Once you hit the Generate Password button, click on Copy button right beside it to copy it automatically in the Password and Re-type fields.
Important: take a note of the User name and Password you used, weâ€™ll be using it later on.
Here are the settings used:
19 Set the Global Privileges of wordpress_user. Typically, you should try to limit the privileges of your database users to a minimum to improve security.
For this example, since itâ€™s a local installation – just check all of them. When you go into production, pare down the privileges!
Hit the Go button to create the database user.
20 If everything went well, youâ€™ll see a confirmation that youâ€™ve created the user successfully.
Adding your newly created user to your database
21 In the next screen, in the Database-specific privileges fieldset, in the Add privileges on the following database field, select wordpress\_db.
This will add wordpress_user as a database user of your wordpress table, wordpress_db.
22 Check that wordpress_user has been added to the database by entering your database.
To enter your database, click on wordpress_db in the left-hand navigation.
23 Click the Privilege tab to see all users that have access to your WordPress database. You should see wordpress_user listed in the Privilege section.
Alright, youâ€™ve just learned how to create a MySQL database user using phpMyAdmin. Give yourself a pat in the back before moving on!
Installing WordPress on your computer
If youâ€™re not familiar with the process of installing WordPress, you should take a look at the following guide on the official WordPress.org site first:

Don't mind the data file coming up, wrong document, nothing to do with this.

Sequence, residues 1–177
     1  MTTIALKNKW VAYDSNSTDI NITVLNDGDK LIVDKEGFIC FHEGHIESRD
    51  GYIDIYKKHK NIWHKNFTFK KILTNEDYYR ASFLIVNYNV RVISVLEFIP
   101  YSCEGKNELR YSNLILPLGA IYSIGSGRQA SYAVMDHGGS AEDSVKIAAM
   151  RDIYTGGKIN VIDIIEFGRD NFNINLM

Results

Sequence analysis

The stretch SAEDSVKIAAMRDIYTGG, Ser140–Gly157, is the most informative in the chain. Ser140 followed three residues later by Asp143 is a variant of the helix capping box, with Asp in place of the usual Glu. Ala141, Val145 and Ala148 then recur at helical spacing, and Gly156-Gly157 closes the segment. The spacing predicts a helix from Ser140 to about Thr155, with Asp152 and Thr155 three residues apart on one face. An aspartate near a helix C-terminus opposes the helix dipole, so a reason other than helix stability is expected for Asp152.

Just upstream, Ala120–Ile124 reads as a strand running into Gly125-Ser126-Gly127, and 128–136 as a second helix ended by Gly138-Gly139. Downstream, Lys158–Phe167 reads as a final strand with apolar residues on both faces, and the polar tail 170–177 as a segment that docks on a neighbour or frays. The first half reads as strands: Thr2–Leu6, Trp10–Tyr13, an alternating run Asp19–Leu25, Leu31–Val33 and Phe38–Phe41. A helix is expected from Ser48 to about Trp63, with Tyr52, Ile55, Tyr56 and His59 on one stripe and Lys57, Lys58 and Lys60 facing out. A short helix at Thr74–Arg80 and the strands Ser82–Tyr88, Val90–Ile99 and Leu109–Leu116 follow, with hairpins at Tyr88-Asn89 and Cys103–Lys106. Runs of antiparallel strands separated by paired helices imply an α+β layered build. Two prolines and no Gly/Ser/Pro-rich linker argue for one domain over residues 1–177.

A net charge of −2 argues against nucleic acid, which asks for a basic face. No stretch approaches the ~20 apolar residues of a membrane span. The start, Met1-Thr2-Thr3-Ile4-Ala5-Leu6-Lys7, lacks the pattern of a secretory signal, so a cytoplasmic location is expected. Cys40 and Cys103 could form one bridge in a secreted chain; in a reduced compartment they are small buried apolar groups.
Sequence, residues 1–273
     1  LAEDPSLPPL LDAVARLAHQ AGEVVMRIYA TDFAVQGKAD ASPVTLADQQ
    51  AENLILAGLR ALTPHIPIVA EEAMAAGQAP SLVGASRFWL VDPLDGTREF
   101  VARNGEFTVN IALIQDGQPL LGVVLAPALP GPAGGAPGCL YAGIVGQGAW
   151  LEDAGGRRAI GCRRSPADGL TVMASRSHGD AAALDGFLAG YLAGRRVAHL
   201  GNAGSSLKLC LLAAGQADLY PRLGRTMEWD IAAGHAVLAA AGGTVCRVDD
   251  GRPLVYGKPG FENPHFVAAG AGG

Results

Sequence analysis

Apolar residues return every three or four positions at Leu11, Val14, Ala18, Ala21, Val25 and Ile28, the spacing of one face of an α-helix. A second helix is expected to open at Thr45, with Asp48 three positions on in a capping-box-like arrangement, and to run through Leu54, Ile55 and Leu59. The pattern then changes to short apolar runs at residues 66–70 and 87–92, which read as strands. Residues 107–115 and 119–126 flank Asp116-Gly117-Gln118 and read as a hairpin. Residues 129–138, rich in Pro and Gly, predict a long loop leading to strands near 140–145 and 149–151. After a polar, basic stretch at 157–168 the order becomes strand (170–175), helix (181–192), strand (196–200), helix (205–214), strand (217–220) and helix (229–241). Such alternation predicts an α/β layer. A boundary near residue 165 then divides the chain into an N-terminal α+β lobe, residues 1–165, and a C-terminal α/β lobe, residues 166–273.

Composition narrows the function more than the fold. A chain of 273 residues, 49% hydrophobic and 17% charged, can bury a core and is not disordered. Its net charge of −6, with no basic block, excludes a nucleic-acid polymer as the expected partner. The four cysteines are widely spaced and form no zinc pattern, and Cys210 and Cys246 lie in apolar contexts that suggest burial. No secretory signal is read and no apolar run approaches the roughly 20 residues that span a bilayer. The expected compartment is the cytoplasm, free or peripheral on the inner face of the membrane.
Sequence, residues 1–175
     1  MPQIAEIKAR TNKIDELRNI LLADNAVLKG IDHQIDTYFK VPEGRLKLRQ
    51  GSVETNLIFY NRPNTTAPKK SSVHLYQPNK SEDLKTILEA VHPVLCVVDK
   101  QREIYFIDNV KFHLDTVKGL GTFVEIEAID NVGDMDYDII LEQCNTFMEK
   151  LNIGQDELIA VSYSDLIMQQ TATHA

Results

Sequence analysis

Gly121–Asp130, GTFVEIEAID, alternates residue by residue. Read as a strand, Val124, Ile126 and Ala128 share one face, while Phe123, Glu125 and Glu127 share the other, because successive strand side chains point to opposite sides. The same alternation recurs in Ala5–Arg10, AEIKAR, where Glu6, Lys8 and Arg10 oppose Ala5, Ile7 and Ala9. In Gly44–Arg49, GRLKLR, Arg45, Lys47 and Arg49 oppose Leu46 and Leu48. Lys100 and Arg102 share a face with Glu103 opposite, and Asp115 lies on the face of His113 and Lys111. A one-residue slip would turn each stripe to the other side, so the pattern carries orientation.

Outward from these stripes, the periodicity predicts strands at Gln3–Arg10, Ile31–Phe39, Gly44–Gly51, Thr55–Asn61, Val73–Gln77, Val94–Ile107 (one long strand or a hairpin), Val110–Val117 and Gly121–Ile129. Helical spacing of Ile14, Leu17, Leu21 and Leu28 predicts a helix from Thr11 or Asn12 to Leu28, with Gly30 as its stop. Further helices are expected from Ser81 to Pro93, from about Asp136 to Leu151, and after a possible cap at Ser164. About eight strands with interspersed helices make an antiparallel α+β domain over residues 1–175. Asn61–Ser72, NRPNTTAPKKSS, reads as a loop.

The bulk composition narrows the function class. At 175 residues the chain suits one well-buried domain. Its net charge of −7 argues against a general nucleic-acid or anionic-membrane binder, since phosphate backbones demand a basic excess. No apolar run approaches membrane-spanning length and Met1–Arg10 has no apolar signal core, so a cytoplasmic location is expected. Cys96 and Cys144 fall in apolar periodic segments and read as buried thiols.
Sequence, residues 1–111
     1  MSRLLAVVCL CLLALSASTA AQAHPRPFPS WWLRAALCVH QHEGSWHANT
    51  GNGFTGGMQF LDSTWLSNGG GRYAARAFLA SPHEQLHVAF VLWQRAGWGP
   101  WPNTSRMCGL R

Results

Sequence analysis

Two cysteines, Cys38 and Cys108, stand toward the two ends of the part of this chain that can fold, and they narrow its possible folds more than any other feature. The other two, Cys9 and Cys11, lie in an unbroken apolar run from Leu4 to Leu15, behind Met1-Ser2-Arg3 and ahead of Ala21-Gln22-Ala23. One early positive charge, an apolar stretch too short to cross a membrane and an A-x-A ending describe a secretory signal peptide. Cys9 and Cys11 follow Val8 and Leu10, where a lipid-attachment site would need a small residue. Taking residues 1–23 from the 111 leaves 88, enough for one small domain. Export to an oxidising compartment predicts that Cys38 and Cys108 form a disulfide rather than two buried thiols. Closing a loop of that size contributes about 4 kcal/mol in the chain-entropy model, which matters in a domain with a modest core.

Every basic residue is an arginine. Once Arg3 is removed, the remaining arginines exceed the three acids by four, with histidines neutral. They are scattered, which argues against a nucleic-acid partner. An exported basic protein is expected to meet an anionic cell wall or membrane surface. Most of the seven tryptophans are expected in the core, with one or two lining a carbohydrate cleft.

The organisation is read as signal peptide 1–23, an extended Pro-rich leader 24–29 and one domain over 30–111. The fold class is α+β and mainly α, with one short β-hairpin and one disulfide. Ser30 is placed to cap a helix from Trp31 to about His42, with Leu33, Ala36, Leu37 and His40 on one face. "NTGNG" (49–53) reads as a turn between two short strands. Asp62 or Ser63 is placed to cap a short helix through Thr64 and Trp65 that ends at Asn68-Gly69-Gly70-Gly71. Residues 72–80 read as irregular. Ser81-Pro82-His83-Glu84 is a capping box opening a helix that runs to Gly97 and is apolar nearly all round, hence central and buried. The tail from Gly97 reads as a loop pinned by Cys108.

This guide will get you up and running with the general process that weâ€™ll be taking. Please take a moment and read it – I promise, itâ€™ll be quick and painless.
24 Download the latest version of WordPress, save it on your computer.
25 Open your xampp folder. Navigate to the htdocs folder.
If you used the default installation destination, the file path is:
26 Open up the WordPress ZIP file you downloaded. Extract the entire contents in the htdocs folder.
Configuring WordPress: entering your MySQL database information
27 Inside the wordpress folder, open wp-config-sample.php file using your favorite text editor.
Fill in the information with your database information. If you followed along and used the same values as this tutorial, you can use these values:
/** The name of the database for WordPress */ define('DB_NAME', 'wordpress_db'); /** MySQL database username */ define('DB_USER', 'wordpress_user'); /** MySQL database password */ define('DB_PASSWORD', 'typeyourpasswordhere'); /** MySQL hostname */ define('DB_HOST', 'localhost');
28 Once youâ€™re done with the configuration file, save it as wp-config.php in the same folder.